This point was noted by Greg Matthews, the former director of social media and consumer innovations at Humana, a health care company, at a panel titled "Slaying the Four Horsemen of the Social-Media Apocalypse" at March's South by Southwest festival in Austin. Matthews noted that out of 30,000 Humana employees, nearly 1,000 were also amateur bloggers. In a survey of those 1,000 bloggers, the company found that 10 percent blogged about health—making them, however indirectly or informally—potential brand ambassadors for Humana.

"It became a question for the executive team, not so much do you want to be in social media—but that you are in social media," he said. "This company is in social media, there are people discussing you, and do you want to be part of the conversation or not?"

From there, Matthews hand-picked 16 people based "not on authority," but on their passion for social media.

Social-media experts say this is a crucial element of finding brand ambassadors: that while your company's executives might understand the mission of the company, going outside the C-suite is important, so long as everyone in the unit is aligned with the mission of the company.

"The customer experience is media right now," David Beigie, vice president of corporate communications at T-Mobile USA, told "How customers engage with your employees and with your brand—that plays out for everybody to see. What that means is that it's important first and foremost to really be aligned. If you've got employees saying different things and acting different ways, that's not in the shadows anymore."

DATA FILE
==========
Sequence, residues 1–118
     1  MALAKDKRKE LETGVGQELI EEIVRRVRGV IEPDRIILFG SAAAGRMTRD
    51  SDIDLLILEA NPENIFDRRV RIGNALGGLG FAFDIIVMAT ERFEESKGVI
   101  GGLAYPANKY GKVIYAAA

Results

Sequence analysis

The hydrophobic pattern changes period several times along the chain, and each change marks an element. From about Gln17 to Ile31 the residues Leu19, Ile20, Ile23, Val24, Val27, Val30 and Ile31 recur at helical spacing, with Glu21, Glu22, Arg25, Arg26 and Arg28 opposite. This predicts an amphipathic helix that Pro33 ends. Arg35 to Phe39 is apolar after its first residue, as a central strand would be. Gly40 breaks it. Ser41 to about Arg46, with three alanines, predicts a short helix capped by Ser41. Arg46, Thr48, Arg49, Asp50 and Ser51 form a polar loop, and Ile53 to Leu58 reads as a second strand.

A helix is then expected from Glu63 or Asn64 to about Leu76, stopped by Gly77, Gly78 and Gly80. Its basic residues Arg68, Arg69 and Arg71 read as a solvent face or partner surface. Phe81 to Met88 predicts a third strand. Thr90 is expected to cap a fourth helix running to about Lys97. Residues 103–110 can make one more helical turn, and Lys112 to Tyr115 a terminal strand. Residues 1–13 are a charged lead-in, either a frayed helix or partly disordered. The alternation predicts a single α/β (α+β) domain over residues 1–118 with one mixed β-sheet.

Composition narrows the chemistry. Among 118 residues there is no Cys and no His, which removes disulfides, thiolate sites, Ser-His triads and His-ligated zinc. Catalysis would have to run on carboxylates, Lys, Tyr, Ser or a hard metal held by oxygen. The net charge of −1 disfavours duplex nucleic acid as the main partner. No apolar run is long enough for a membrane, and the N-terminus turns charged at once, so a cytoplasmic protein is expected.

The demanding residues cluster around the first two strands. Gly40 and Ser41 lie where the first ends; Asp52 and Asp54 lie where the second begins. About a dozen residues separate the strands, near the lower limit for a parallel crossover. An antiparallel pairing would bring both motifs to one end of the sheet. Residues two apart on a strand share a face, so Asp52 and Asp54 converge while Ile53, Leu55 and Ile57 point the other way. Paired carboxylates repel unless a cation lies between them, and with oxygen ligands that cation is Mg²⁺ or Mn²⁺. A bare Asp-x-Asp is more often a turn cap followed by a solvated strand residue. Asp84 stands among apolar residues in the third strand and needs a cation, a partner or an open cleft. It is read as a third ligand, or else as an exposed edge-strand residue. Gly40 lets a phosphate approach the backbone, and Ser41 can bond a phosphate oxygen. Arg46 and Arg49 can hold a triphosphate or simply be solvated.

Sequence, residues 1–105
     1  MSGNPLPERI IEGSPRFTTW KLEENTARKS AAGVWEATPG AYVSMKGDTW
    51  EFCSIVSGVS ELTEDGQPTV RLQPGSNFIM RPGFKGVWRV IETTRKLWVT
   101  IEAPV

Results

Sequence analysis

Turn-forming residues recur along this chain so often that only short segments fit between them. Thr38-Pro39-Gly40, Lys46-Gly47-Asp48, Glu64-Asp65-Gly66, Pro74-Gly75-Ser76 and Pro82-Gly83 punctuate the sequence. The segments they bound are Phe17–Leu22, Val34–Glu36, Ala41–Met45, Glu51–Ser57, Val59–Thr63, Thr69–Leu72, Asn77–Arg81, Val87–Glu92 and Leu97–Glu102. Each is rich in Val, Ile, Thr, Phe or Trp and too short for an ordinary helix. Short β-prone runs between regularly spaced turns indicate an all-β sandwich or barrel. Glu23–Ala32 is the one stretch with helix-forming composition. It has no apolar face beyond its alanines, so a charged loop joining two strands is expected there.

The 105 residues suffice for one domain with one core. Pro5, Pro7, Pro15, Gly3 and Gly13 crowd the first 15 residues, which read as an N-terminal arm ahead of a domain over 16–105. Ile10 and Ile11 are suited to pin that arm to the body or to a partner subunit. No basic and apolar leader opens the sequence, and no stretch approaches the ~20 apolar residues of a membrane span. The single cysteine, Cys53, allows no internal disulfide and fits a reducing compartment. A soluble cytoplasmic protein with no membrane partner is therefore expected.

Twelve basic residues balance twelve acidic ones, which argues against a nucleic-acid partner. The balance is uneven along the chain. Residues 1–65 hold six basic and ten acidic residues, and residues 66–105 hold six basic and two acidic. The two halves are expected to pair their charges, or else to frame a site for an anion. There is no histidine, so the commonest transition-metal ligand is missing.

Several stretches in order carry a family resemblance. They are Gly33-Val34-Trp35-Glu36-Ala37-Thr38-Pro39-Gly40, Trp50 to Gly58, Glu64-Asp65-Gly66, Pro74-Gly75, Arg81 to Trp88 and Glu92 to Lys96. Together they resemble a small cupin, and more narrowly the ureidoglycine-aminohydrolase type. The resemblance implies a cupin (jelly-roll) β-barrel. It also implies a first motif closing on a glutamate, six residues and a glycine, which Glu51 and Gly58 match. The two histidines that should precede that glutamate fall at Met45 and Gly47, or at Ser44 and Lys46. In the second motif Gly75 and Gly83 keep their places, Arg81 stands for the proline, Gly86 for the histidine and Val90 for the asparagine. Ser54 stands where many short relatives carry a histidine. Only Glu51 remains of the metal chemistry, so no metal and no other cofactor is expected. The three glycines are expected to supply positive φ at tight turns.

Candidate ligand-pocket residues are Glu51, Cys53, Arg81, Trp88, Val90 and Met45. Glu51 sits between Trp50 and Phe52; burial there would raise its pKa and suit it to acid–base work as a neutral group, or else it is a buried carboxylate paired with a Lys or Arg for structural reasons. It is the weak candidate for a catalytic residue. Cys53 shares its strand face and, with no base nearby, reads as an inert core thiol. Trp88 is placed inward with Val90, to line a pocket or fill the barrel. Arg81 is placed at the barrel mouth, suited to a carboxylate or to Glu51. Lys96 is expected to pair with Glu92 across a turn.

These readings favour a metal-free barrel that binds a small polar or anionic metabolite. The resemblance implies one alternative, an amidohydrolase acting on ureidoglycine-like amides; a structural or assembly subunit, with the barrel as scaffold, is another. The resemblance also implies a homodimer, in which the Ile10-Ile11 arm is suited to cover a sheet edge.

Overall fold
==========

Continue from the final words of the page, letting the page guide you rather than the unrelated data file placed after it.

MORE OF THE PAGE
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How to Identify Your Company's Brand Ambassadors: Finding the Right People and Getting Started

There is no standardized method for finding the right people within your organization to become brand ambassadors or social media contributors. Certainly, they can be your marketing department. But they can also be your communications department, your IT department, or even your accounting department. The point is that the people representing your brand have the passion—and personality—that enhances your brand's image.

"The first thing you want to know is if they're passionate, and give them information that they need," says Ron McDaniels, an author and speaker on word-of-mouth and buzz-marketing strategies and how they relate to small business. McDaniels says a manager should ask: "Who are your power players, and how do we tell them more stories?" By giving employees access to information (within reason), the employee is able to report on a variety of news and events that are happening within the company.